With Bruce out, it's time for Reds to sell

Leave a comment

The situation hardly seemed rosy a week ago. While the standings said
the NL Central title was still very much in reach, the Reds mostly
sported a lineup with just two above average regulars and a rotation
that seemed to be fading quickly after such a promising start. Trades
for outfielders or a third baseman were considered, but nothing ever
materialized. It looked like the only way the offense was going to
become formidable was if Jay Bruce started fulfilling his potential and
Edwin Encarnacion returned to previous form after coming back from the

Well, Encarnacion is back now, but Bruce is done for 6-8 weeks after
fracturing his wrist in the outfield. Odds are that he’ll return for
the final month and maybe a little more, but as poorly as he had been
playing with a healthy wrist, it’s doubtful that he’ll emerge as a
force prior to 2010.

The Reds might be able to survive if the pitching were still coming
through in a big way, but there are few encouraging signs. Aaron Harang
was 5-4 with a 3.36 ERA in May 25. He’s 5-9 with a 4.18 ERA now. Johnny
Cueto, one of the NL’s top three or four pitchers for the first three
months, has struggled in four of his last five appearances, taking his
ERA from 2.17 to 3.62. Bronson Arroyo was lit up in three straight
outings before shutting out Triple-A Norfolk last time out. There’s
still no telling when Edinson Volquez will return from his elbow
problems, and Micah Owings is probably the team’s best option to play
right field in place of Bruce.

Selling is the best answer. None of the team’s veterans are going to
be bargains in upcoming seasons, and there are no stars that would be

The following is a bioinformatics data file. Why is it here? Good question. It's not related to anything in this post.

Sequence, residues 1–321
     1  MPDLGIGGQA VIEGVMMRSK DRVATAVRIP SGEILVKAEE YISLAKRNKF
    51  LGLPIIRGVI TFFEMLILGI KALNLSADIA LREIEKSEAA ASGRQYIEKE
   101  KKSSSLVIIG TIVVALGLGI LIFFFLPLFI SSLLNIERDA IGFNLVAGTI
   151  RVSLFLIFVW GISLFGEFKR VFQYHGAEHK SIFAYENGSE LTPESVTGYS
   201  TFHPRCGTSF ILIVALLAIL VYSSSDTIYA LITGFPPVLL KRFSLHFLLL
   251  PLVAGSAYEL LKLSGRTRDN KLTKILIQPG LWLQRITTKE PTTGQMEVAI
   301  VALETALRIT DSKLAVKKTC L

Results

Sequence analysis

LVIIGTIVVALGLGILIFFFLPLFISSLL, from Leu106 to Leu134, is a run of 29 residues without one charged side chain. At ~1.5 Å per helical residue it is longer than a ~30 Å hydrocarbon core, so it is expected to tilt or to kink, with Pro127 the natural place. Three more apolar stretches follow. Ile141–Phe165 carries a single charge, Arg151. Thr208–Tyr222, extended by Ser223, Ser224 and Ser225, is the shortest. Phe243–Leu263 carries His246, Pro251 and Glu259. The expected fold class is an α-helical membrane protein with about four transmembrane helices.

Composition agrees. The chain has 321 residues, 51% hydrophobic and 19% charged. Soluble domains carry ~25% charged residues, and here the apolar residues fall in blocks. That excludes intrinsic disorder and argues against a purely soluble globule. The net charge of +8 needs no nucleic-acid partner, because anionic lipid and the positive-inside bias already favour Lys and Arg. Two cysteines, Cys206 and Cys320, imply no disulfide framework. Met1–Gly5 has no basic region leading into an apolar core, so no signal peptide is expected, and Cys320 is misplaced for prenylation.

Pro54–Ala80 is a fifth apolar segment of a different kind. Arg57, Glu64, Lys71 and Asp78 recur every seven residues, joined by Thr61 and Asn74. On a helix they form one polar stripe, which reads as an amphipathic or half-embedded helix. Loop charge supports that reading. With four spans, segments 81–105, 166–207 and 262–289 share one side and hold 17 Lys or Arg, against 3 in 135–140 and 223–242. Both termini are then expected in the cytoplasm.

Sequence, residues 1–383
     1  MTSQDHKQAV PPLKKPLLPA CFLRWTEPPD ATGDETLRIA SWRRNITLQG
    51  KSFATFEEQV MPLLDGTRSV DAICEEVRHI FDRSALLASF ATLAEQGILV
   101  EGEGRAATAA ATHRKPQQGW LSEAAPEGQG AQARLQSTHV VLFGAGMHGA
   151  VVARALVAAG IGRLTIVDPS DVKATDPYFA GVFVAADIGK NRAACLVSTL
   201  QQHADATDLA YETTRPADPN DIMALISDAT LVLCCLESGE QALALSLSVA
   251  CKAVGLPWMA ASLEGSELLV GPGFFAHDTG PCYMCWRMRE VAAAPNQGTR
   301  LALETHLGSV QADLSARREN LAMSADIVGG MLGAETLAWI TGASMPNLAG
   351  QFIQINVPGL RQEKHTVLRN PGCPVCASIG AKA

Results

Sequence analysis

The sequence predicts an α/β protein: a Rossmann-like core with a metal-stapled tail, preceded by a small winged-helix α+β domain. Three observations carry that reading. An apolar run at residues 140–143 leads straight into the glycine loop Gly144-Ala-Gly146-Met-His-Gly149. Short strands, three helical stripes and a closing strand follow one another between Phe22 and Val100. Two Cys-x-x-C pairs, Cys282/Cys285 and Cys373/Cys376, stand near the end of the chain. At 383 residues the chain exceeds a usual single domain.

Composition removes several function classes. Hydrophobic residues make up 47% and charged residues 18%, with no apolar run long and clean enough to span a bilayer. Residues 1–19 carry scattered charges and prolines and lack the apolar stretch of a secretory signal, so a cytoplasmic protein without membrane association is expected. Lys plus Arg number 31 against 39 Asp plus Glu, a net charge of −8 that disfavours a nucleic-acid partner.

impossible to replace in free agency. If the Reds have the chance to
dump Arroyo’s contract, they should take it. He’ll make $11 million in
2010 and $11 million-$13 million if his 2011 option is picked up ($2
million if not). David Weathers, Arthur Rhodes, Ramon Hernandez and
Jonny Gomes could bring in prospects. Perhaps Jerry Hairston Jr. as
well, if teams particularly value his versatility.

Harang is probably the best trade chip, even if the midst of a
second disappointing season. His K/BB ratio remains quite strong, and
while he’s always going to give up homers, his .294 average against
this year seems pretty fluky. He’s not cheap, as he’s guaranteed $12.5
million in 2010 and has a $12.75 million club option for 2011 with a $2
million buyout. However, that is the going rate for above average
innings-eaters. Ideally, the Reds could get a young shortstop for him.
The Angels seem like a pretty good match with Brandon Wood.

The Reds may well hurt their chances in 2010 by moving Harang and
others, but they could potentially have as much money to spend in free
agency as any club in the NL. Cueto and Volquez still look like
potential top-of-the rotation starters, and those two combine with
Bruce and Joey Votto to form one of the game’s most talented cores. If
Harang and Arroyo were moved, Francisco Cordero, who has a no-trade
clause through the end of the year, would be the team’s only player
making more than $7 million. They’ll have a ton of flexibility, leaving